Trifling concern

This refers to the news report “Panel proposes correction in Bikram Sambat” (THT, Jan. 15). The panel formed under the Ministry of Education and Culture has recommended the removal of the month of Chaitra from the calendar of 2066 BS to make the calendar “error-free”. This kind of indulgence in petty matters — while there are more pressing issues that remain unresolved — shows that the ministers are squandering taxpayers’ hard-earned money on petty matters. Such a move will be highly controversial. The ministers should instead

focus on their main job of holding a free and fair constituent assembly


Rupesh R Khanal,


Check graft

In the interim constitution and the 23-point agreement, the political parties have committed to fight corruption. The real test for the political parties now is to demonstrate their integrity by working towards fulfilling their vows, which will also enhance their image for the upcoming CA polls. The government should not let corruption suspects go scot-free but investigate their past records and take action. If the government is really serious about controlling corruption, a zero-tolerance policy must be adopted. NGOs working for good governance, civil society members and the media too must help the government in its bid to uproot corruption.

Ramesh Bahadur Shrestha, Lalitpur


Many organisations, associations and individuals have expressed their condolence over the demise of Sir Edmund Hillary. The philanthropic contributions of Hillary in Nepal and his first triumph over Mt Everest were also recalled time and again. However, we seem to have forgotten to honour his idea of reforming the mountaineering sector and preserving bio-diversity of the Himalayas. Putting his ideas into practice would be a fitting tribute to him.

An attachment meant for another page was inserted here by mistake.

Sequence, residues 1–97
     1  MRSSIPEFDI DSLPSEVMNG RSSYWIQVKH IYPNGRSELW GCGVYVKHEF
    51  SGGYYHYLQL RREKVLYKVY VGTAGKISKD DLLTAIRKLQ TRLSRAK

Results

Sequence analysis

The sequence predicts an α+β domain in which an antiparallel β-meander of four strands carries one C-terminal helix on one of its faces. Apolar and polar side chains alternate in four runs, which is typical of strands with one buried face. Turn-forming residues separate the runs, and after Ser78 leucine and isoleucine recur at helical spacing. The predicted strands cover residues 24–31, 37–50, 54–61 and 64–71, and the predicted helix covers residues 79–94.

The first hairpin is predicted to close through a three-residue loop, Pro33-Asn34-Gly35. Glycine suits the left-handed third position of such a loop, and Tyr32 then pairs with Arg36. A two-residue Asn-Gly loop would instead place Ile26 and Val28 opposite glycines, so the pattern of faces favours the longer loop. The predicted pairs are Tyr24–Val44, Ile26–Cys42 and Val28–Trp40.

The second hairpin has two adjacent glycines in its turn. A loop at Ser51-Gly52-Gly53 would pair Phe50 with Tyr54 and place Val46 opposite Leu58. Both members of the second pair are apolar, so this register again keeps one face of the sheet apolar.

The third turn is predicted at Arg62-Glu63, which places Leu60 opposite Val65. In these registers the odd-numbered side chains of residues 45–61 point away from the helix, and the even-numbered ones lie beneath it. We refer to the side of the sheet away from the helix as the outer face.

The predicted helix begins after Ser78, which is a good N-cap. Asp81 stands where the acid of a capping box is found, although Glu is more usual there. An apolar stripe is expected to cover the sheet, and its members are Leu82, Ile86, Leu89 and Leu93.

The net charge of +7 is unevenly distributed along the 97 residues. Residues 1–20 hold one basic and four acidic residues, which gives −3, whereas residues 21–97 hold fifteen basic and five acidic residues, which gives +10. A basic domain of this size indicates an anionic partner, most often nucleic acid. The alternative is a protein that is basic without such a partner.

Dev Raj Adhikary, Nepaltar


Sir Edmund Hillary not only made Nepal known around the world but also greatly helped Nepalis, especially the Sherpas and the dwellers of the Himalayas. Hence his death comes as a blow to all Nepalis. His great deeds must inspire Nepalis to follow the path of

compassion and selfless charity.

Tsering Tashi Gurung,

via e-mail

Liar, liar

I learn that the government has sought immediate financial aid from its development partners to meet its recurrent expenses, “Govt in red; seeks greens to escape blues” (THT, Jan. 16). The same establishment has already postponed CA polls twice after spending hundreds of millions of rupees in the name of poll preparations. For the third time, the Seven Party

Alliance government has promised timely, free and fair polls. But how can the polls be held without adequate finances?

Moreover, how fair is it to dole out a million rupees each for every lawmaker when many common Nepalis don’t even have enough to eat? The donors should assist the lawmakers only on the condition that they will return the amount should the polls be postponed again.

Ramesh Neupane,

Mahankal, Kathmandu